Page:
Gunaratnam writes about Berger’s comments on the photographer Chris Killip’s work, in Thatcher’s Britain, describing it as a series of views of a -20 degree winter where people simply insulate themselves in any way they can to get through.

The same horror is with us again. Out on to the streets you go, and if you are lucky, with a tent or sleeping bag. She describes Howard Becker’s comments on Berger and Mohr’s work, how it gives you what I call in my head ‘truthness’.

There’s a richness to this collection. It unfolds, yields, gives. Nikos Papastergiadis contributes a wonderful section on landscapes, art and creation and how it connects with the human social world. The essay by Gavin Francis on A Fortunate Man is wonderful. It’s one of Berger and Mohr’s most moving books, and, perhaps not surprisingly, one that I rarely see for sale in book shops.

Who will replace the likes of Berger, Bauman and those taken far too soon, such as Gillian Rose? There is much to hold dear here for the art school. There is a generational cliff edge as those of Berger’s generation and the one after pass into retirement. The arts have been coloured pink for a long time, but it is not a natural state of affairs. It can and will change, and now we see how quantifiable outcomes and instrumentalised rationales affect all but the most resistant arts institutions.

However, what’s truly great about this anthology is that it is almost completely multi-purpose. It is of relevance to everyone in the humanities as well as the arts, and to the general reader interested in the new century and the one that has passed and how they connect: This is an electrically passionate collection.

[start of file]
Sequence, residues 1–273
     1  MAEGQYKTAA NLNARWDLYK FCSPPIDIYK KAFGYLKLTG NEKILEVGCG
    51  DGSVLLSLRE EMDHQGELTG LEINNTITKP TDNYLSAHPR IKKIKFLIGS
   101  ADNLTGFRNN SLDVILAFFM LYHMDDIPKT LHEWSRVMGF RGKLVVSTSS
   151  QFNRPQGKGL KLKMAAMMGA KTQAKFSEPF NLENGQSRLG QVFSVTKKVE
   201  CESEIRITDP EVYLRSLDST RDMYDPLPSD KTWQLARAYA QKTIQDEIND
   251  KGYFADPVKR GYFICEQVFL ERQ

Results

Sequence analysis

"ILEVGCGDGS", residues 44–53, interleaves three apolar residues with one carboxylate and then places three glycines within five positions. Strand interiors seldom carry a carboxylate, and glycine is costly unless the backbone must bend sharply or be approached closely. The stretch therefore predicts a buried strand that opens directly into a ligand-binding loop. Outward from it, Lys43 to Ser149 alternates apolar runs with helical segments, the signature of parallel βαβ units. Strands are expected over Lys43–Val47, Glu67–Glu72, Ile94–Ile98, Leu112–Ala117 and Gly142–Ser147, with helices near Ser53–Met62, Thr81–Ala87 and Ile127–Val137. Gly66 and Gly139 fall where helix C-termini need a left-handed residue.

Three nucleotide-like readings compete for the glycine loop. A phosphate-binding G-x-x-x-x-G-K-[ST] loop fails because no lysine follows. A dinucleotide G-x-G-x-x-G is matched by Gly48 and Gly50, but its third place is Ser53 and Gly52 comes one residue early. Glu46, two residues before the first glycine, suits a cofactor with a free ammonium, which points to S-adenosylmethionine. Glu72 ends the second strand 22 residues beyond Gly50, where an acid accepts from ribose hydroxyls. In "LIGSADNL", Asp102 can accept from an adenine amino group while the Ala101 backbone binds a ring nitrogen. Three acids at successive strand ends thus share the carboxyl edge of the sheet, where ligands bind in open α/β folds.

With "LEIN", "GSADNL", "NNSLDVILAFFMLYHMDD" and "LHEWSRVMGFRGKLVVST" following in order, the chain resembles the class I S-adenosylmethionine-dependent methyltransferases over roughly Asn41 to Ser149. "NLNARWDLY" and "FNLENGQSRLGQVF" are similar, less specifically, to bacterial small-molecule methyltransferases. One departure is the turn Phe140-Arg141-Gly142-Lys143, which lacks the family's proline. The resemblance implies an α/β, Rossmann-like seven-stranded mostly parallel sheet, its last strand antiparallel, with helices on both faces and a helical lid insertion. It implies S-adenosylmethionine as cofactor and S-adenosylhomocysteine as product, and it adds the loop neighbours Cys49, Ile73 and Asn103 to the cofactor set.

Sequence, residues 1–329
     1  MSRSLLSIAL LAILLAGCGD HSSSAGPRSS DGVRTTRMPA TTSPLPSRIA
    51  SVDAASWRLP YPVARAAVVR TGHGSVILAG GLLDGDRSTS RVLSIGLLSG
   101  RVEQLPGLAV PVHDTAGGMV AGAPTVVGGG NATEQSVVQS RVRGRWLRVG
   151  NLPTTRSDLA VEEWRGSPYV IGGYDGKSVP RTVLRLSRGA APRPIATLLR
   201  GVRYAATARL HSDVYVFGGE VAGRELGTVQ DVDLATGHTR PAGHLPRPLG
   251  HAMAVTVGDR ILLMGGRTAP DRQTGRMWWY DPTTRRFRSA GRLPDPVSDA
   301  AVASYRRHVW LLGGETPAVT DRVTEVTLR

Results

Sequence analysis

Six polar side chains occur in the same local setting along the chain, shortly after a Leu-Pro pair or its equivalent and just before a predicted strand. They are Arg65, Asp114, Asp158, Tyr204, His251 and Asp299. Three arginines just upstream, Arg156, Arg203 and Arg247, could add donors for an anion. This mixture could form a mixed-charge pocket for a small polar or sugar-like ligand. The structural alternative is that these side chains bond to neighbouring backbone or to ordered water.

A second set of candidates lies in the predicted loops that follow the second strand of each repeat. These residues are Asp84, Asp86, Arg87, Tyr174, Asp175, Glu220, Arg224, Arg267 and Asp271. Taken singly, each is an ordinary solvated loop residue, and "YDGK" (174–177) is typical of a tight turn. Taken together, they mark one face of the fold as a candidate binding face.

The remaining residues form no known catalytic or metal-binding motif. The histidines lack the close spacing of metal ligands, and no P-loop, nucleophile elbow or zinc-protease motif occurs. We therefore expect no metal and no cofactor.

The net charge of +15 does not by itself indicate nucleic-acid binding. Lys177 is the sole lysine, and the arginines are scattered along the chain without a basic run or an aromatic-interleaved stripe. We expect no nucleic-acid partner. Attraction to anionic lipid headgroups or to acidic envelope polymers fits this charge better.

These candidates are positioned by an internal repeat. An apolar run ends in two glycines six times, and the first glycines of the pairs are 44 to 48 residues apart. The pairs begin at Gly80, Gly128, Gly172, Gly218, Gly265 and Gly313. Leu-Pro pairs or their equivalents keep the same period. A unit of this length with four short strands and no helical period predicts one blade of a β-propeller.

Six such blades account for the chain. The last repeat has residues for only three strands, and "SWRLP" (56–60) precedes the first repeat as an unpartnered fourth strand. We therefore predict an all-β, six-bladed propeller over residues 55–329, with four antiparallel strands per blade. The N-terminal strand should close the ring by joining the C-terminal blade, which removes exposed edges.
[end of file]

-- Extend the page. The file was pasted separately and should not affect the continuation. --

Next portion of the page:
The Master of the Untitled Statement

Hans Haake – Working Conditions, The Writings of Hans Haake (MIT Writing Art Series)

Hans Haake’s shopping lists must be amazing. He has a way of putting things down on a single A4 sheet that makes them stick on the walls of art student digs and then adhere all the way through to their mature studio spaces and beyond. He’s right up there, along with Dieter Roth.

His statements veer between the completely distilled and the wide open and suggestive. For instance one untitled piece from the early 1960s that provides the exact crosshair position of contemporary avant garde art, next to the ‘why don’t you switch off your television set go off and do something less boring instead’ pieces (I’m sure he would have approved).

After Duchamp, after Fluxus, this is a game and the pieces on the board move. Duchamp was a great chess player, running several simultaneous international games by post from his flat. Haake understands that this is now the territory and as Lyotard explained everything is a move in a game, but if there are no rules, there is no game. Haake is a master player of the new ruleless game.

But Haake’s ‘game’ isn’t the international art career he has. The pieces in this book the writing corresponds to are livid, anti-capitalist, through and through.

Documenta, which Haake is so associated with, came out of need to revive the avant garde after the Nazis destroyed it. Haake then goes on to make the most furious political, informed pieces, persistently, and persistently with humour, for the rest of his career, something that is little short of miraculous. No postmodern bubbles for Haake.

This is a book you can live in. When Haake writes ‘articulate something natural’ those three words contain the whole philosophical understanding that art is not nature, that articulation is language, visual or otherwise. Three words by Haake are that good. They are worth a thousand by lesser artists and writers.

These instruction-based pieces are the counterpoints to the micro-manifesto style writing. In fact on second thoughts, Hans Haake’s shopping lists are probably just shopping lists.